Hewa's Heart Surgery

northern Iraq

9 Teeth Removed, & A Step Closer To Heart Surgery

Posted on Fri, 06/15/2012 - 00:41 by Tara Azizi

Kristina, Natalie and I visited Hewa and his mother at Sheba Hospital today. This was my first time meeting them. I saw a concerned mother who was waiting to find out that her child is doing well. She was most worried about Hewa

Surgery On Hold As Doctors Sleuth For Answers

Posted on Mon, 06/11/2012 - 23:05 by Kristina Kayser

The last two days have been turbulent ones for Hewa and his mother, both physically and emotionally. It was our understanding last evening that Hewa could be called in for surgery at any minute if his condition declined further. Thus, I went to sleep with the phone beside my pillow, prepared to leave at a moment's notice. By 6am, Sheba's ICU had no new updates. I soon learned, however, that surgery was not on the agenda for Hewa today. Further information was acquired once I arrived on site at the hospital early this afternoon.

Relief was mingled with joy upon seeing Hewa out of intermediate ICU and situated comfortably in the cardiac department. His oxygen mask lay beside him on the bed, an indication that he was breathing better on his own. His sweet face brightened with a smile as I entered the room. What a contrast to the boy we rushed to the hospital on Saturday, dusky and breathing rapidly. His mother's countenance, however, bore a puzzled expression. She couldn't understand why all movement towards surgery had seemingly come to a complete halt. 

Dr. Danielle, a senior cardiologist, graciously took me aside to explain the situation. While Hewa's situation had been emergent the past two days, he has since stabilized and is responding well to antibiotics. Therefore, his surgery has been postponed until the cause of his sudden deterioration is understood. The cardiac team is working hard to consider every facet of Hewa's health, including his low platelet count, infected tooth, cardiac defect, and mysterious fever. Dr. Danielle explained that Hewa's state is indeed fragile, and requires special attention. It occurred to me what an amazing gift Hewa has been given. God has provided a place for him to be well cared for and a team of doctors who truly desire the best for him.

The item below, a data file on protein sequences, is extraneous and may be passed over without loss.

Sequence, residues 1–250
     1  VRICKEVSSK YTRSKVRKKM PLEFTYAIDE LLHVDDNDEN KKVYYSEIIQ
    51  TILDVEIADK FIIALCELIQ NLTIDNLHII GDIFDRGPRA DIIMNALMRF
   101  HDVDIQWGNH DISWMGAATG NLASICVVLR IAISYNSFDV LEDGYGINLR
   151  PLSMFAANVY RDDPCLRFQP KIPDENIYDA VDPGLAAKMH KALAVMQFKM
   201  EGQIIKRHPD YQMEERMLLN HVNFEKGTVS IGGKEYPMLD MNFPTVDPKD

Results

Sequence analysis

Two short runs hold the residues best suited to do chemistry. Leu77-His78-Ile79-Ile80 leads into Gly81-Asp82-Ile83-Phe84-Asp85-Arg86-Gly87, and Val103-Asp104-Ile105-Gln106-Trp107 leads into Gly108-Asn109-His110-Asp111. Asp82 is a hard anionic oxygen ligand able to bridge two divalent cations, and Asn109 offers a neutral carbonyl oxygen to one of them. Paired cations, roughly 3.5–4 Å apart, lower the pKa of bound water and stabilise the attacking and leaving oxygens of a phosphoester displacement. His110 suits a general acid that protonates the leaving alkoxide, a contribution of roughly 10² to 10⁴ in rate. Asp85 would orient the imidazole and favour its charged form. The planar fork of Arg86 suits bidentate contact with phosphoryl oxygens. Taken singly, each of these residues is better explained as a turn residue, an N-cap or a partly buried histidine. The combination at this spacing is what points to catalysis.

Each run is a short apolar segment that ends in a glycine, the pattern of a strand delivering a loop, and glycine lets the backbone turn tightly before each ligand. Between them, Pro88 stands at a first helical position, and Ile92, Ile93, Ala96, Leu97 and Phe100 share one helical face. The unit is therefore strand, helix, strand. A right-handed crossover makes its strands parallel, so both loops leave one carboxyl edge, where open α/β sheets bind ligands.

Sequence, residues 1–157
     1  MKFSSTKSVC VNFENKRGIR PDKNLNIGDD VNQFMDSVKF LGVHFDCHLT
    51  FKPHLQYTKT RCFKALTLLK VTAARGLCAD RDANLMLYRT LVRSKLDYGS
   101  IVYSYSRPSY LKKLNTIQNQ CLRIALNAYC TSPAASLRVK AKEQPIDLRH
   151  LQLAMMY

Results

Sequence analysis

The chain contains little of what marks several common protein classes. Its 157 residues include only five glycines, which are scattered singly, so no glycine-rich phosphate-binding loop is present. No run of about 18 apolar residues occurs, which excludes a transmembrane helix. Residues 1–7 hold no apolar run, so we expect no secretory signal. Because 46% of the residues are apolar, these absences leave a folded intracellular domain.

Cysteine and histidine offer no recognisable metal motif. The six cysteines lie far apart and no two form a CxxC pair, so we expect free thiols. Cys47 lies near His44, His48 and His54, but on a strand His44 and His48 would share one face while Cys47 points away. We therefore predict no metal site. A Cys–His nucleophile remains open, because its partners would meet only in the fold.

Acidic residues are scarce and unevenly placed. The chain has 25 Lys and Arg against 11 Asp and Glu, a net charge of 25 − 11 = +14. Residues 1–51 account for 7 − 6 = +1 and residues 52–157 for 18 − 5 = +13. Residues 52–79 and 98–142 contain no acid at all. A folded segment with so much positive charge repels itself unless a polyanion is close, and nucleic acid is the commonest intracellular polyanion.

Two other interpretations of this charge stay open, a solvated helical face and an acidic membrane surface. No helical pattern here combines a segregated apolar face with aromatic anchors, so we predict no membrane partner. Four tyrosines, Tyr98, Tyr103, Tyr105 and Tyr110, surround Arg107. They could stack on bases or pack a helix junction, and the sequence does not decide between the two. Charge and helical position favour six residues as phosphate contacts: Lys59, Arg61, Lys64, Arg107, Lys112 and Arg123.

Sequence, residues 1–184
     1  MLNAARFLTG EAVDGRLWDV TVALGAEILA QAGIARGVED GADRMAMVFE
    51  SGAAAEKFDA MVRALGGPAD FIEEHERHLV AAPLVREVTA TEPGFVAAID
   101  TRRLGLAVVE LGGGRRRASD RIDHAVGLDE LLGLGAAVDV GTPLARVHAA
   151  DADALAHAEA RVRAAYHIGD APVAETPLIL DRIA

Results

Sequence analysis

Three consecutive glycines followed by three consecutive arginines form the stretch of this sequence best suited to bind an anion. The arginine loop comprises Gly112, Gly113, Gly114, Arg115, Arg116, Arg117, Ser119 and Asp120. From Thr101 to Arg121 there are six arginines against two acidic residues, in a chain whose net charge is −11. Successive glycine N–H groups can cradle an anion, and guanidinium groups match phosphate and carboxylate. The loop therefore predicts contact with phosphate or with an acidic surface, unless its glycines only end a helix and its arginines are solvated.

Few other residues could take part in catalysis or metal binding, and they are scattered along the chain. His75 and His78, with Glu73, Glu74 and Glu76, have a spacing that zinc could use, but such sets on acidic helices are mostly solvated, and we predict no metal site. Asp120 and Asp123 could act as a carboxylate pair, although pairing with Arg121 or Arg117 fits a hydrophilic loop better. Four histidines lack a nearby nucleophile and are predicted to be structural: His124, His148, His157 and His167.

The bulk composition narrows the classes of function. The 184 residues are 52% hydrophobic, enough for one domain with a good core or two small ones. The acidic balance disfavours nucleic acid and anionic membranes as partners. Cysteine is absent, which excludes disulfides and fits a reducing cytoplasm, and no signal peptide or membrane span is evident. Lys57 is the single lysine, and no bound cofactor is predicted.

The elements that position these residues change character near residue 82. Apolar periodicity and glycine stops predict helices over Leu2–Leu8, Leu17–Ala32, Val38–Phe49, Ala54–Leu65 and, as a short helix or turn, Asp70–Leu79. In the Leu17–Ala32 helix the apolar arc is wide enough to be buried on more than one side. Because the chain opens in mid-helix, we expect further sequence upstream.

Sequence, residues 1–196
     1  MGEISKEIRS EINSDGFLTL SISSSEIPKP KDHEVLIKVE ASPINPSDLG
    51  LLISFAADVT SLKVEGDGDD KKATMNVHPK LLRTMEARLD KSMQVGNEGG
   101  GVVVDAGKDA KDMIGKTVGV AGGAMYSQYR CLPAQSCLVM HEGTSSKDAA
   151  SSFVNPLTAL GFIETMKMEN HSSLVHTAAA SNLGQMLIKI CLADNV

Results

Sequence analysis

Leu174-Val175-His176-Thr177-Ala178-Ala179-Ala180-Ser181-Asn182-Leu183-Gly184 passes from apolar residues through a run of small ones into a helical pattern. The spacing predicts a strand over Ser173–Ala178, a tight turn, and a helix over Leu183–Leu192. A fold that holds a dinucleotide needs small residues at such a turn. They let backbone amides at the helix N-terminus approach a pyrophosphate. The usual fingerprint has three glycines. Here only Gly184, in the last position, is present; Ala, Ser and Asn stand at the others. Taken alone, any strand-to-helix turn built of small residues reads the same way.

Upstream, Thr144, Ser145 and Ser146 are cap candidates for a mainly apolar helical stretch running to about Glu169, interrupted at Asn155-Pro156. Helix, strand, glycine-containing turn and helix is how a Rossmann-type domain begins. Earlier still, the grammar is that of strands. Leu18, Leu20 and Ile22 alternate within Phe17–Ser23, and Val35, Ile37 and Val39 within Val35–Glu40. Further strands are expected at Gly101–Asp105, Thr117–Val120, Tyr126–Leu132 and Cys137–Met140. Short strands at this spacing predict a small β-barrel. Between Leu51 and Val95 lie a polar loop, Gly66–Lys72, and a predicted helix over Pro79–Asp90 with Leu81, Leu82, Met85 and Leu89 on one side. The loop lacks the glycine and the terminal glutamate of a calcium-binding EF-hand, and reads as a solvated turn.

The most difficult part of the day was translating the doctor's update for Hewa's mother. As my words fell upon her ears, I saw every emotion except the ones I was hoping to see. She looked incredulous, frustrated, angry, sad, and helpless all within a matter of minutes. We stepped out of the room for a few minutes with another Kurdish mother, so that both could freely express their emotions away from their children. Both women then broke down in tears. Before saying anything, I simply put my hands on them and let them cry. When I finally did speak, it was with carefully chosen words. Their hearts were fragile too. 

Back in Hewa's room, his mother could not hold back her tears when the situation was further explained in Arabic. Her son immediately began crying with her, wrapping his small arm around her neck. He is such a perceptive and tenderhearted boy! She quickly gathered herself for Hewa's sake. Hewa finished his lunch and rebounded into a cheerful disposition, entertaining himself and everyone else with a large red balloon. As you can tell by the picture, Hewa was showing us just how much his respiratory system has improved!

I want to personally thank each of you who have been and continue to intercede for Hewa. I was reminded today of Queen Esther's response to the king's question, "What is your petition? It shall be granted to you...up to half the kingdom? It shall be done!" In simple, yet powerful words, she replies, "Grant me my life

Dangerously Low Oxygen, And Ready For Surgery

Posted on Sun, 06/10/2012 - 23:24 by Donna_Petrel

It was with thanks to God and happy relief that Jesse and I found Hewa sitting up in bed as we entered the pediatric ICU at Sheba today. He was glad to see us and gave a big smile behind his oxygen mask.

Overall, however, he was uncomfortable due to tooth pain. I let the nurse know he was in pain and she brought pain reliever, staying at his bedside to finish connecting new tubing to a portable oxygen tank. While she worked I asked her for an update, and found that Hewa's case continues to be at the center of the doctors